8. The split Asian community over the police salary increase
Is it bad to see the Asian community divided? Some would like to see a unified Asian community when it comes to issues such as the Seattle police wage contract. Impossible. The Asian community is more diverse than ever, and thus, our needs vary.While progressive Asian leaders wanted to see more police reform binded into the contract before they committed, many Chinatown residents and leaders saw it differently. Chinatown residents and businesses rely on the police directly for their safety, and indirectly for prosperity. Some activists think police reform will be put in the back burner once the police got their raise. It will not go away. There are merits and demerits on both sides of an issue. It’s healthy for the Asian community to agree to disagree. Keep in mind that the community doesn’t need to agree, it just needs to understand one another and respect each other’s decisions.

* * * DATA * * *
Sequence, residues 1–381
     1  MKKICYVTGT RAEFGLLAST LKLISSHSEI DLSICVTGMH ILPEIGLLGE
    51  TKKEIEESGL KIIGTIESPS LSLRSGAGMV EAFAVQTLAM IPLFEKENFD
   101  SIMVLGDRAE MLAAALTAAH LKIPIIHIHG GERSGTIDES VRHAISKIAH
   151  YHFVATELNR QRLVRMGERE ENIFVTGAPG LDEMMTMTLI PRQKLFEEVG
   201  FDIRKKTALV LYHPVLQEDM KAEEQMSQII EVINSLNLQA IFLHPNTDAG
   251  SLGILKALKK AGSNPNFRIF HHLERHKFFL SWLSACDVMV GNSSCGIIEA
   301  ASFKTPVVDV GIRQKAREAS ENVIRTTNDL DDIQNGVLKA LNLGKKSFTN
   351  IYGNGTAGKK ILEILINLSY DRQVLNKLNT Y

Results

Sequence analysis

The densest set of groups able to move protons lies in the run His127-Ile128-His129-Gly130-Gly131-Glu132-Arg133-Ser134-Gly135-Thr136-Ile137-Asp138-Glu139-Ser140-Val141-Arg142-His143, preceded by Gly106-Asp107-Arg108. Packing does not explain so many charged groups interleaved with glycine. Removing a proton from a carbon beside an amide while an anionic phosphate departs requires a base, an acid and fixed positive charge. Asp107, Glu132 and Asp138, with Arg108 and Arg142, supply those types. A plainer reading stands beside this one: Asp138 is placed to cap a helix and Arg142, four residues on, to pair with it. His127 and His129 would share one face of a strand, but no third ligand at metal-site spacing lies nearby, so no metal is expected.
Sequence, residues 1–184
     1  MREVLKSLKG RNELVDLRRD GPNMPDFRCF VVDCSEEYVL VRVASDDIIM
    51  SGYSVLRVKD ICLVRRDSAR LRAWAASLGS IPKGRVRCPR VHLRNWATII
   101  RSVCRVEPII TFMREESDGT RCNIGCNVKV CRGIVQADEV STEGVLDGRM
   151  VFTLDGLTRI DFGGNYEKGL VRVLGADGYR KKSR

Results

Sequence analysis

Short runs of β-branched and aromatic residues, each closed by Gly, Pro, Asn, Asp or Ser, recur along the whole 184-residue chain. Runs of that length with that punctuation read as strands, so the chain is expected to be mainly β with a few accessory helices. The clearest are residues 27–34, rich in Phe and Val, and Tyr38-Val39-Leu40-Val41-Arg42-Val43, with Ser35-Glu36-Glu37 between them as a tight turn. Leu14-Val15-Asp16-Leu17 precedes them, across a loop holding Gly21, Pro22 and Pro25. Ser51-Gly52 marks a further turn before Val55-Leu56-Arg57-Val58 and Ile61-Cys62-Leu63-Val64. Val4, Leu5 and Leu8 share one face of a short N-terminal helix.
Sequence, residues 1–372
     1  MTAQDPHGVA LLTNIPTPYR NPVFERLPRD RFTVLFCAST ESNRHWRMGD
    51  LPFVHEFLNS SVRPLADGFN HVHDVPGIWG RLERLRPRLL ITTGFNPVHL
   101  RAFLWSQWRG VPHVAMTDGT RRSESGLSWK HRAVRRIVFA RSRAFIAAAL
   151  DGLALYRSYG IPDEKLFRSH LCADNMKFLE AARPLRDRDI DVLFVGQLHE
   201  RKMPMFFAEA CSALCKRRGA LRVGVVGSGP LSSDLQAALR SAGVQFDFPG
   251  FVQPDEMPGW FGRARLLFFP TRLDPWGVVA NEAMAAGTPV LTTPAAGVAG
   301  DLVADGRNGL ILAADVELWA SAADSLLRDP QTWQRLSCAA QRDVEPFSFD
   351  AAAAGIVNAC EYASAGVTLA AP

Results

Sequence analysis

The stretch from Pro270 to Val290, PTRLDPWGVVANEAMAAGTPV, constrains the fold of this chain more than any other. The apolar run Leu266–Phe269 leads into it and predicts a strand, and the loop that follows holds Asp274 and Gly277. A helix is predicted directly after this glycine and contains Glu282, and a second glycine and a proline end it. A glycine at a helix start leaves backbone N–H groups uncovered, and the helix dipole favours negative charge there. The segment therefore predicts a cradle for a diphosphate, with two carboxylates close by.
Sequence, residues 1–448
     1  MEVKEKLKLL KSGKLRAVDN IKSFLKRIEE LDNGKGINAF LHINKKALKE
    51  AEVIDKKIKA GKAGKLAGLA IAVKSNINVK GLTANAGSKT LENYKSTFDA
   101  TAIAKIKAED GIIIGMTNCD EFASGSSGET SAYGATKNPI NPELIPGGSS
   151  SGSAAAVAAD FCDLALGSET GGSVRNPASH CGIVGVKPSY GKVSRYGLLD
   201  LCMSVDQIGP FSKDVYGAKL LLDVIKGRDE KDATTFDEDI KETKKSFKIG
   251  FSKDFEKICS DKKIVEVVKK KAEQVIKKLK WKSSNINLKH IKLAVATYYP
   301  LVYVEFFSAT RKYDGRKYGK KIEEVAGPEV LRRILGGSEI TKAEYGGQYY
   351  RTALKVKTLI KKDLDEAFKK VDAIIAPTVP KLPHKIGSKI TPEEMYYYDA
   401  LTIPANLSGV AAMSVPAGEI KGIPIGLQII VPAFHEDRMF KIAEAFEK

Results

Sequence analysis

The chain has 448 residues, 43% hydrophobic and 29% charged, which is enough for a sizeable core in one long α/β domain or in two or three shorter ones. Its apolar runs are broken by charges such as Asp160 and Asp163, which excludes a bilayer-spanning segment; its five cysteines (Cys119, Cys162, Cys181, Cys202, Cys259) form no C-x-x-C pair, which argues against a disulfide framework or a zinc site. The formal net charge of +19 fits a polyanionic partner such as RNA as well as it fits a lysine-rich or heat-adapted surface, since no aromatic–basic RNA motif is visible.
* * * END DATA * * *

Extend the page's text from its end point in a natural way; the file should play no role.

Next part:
9. Expanded Hing Hay Park
With the red sculpture bridge installed at Hing Hay Park, the upgraded park has finally been completed this year. It distinguishes Hing Hay from other city parks with unique features. Colorful flowers bloom during different seasons. Its night lighting enhances the park’s beauty and cultural elements.
From ping pong, to dancing, to concerts, to people enjoying lunch, the amount and varieties of activities and traffic at the park have increased many fold.
10. ID parking rates are going down
In the C-ID core, parking rates are decreasing from $1.50 per hour to $1 per hour, between 8–11 a.m.
How about the worst of 2018?
The homeless issue is still a concern in the ID. Although the Navigation Center helps the homeless, it hasn’t eliminated the problems caused by the homeless in the community, such as security, litter, and encampment issues.
Donnie Chin’s murder is still unsolved. It has been a while since Seattle police have given us some updates on the case.
The death of billionaire Paul Allen sucks. He died too young. We miss his talent, wisdom, and generosity. He was good to the community and he gave millions of dollars to Asian and people of color organizations.
The Nagomi Tea House is gone. The community lost a valuable community gathering space for its location, access, and affordability.
What will be ahead for the Asian community?
Assunta can be reached at email@example.com.